It begins at 15,400 feet and for an estimated 300 people a year ends in the loss of their life, yet Bolivia’s North Yungus Road – better known as ‘The Death Road’ – is among Bolivia’s largest draw cards for a thrill-seeking adventure. So after a late night in central La Paz, the journey to the Death Road began.
Travelers and tourists cycle the road in their masses, through the sweeping and never ending mountains of Bolivia. Prior to my departure, I managed to negotiate leaving 1 hour earlier than the standard departure time from La Paz. My thinking was that this way would provide a good chance of having the road completely free of dozens of other tour operators and the hordes of tourists on wheels. Thankfully, it worked out a dream – no other tourists were seen. Perfect.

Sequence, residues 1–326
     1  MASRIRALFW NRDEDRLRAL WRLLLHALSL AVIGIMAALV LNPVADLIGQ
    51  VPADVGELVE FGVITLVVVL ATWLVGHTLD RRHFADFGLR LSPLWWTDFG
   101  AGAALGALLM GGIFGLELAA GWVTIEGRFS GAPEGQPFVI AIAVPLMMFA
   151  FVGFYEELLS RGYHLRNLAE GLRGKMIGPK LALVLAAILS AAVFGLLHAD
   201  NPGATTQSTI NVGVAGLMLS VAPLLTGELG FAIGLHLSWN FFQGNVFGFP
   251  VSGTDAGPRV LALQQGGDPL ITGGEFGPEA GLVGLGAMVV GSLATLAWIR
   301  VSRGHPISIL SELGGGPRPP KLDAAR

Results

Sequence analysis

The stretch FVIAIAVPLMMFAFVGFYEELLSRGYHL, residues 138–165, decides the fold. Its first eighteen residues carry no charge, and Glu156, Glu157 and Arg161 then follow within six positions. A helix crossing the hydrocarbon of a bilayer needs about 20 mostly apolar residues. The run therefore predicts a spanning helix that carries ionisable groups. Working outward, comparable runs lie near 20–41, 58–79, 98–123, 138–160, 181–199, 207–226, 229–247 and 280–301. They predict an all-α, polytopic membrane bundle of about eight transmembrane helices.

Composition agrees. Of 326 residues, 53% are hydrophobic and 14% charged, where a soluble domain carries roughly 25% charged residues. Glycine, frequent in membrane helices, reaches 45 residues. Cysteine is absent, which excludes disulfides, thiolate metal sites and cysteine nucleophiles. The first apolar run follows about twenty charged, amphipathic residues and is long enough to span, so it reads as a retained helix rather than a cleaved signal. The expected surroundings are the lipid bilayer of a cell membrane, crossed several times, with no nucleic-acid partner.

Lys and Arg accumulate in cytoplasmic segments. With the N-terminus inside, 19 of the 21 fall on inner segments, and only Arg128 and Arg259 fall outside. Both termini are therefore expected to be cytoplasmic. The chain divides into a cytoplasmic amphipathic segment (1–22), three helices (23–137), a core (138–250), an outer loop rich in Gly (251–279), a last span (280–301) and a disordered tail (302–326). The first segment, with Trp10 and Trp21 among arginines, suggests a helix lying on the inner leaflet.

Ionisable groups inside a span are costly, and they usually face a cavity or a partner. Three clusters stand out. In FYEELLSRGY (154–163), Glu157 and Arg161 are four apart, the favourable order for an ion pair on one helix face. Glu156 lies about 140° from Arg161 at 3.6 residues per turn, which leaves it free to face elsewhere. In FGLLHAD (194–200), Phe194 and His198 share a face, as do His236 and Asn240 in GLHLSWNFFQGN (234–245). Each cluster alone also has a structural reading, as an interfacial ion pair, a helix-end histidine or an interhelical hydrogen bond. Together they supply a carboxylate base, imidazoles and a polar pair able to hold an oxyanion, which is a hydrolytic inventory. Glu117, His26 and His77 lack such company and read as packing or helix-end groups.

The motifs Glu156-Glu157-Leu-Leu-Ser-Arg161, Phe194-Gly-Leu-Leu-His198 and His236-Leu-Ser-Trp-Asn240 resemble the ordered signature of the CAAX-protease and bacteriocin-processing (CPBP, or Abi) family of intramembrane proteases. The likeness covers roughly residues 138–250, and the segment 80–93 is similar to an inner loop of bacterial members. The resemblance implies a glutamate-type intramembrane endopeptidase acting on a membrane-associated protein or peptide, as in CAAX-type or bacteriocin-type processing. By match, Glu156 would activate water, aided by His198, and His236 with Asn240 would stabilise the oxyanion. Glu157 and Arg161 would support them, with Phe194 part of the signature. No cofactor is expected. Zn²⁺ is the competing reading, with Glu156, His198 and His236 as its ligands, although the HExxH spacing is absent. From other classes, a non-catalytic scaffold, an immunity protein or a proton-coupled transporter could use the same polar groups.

“It’s been referred to as ‘Death Road’ pretty much since 1994 when Inter-American Development Bank proclaimed it was the World’s Most Dangerous Road. The organisation conducted a study and discovered 200 to 300 people were dying on the road per year.”
For the locals, the ‘Death Road’ is an important transport route which they brave in cars and trucks, teetering on the edge and risking their lives with every trip.
Bolivian natives are forced to use the road as a crucial transport route, with local road rules specifying that the downhill driver never has the right of way and must move to the outer edge of the road. Not a place to have road rage, or to ignore the highway code – that’s for sure.